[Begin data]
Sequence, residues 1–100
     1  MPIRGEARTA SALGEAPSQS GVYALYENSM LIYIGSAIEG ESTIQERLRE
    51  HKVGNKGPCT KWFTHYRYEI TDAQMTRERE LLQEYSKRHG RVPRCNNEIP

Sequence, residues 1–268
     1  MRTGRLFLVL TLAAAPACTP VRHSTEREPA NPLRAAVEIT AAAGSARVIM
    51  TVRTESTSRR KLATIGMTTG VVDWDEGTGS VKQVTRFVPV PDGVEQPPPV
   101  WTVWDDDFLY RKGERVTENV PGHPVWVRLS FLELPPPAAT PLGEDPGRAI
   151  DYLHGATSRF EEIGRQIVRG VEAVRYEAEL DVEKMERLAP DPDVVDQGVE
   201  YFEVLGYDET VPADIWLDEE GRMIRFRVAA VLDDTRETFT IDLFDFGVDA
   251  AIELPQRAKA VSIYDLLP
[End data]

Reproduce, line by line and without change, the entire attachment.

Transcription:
Sequence, residues 1–100
     1  MPIRGEARTA SALGEAPSQS GVYALYENSM LIYIGSAIEG ESTIQERLRE
    51  HKVGNKGPCT KWFTHYRYEI TDAQMTRERE LLQEYSKRHG RVPRCNNEIP

Sequence, residues 1–268
     1  MRTGRLFLVL TLAAAPACTP VRHSTEREPA NPLRAAVEIT AAAGSARVIM
    51  TVRTESTSRR KLATIGMTTG VVDWDEGTGS VKQVTRFVPV PDGVEQPPPV
   101  WTVWDDDFLY RKGERVTENV PGHPVWVRLS FLELPPPAAT PLGEDPGRAI
   151  DYLHGATSRF EEIGRQIVRG VEAVRYEAEL DVEKMERLAP DPDVVDQGVE
   201  YFEVLGYDET VPADIWLDEE GRMIRFRVAA VLDDTRETFT IDLFDFGVDA
   251  AIELPQRAKA VSIYDLLP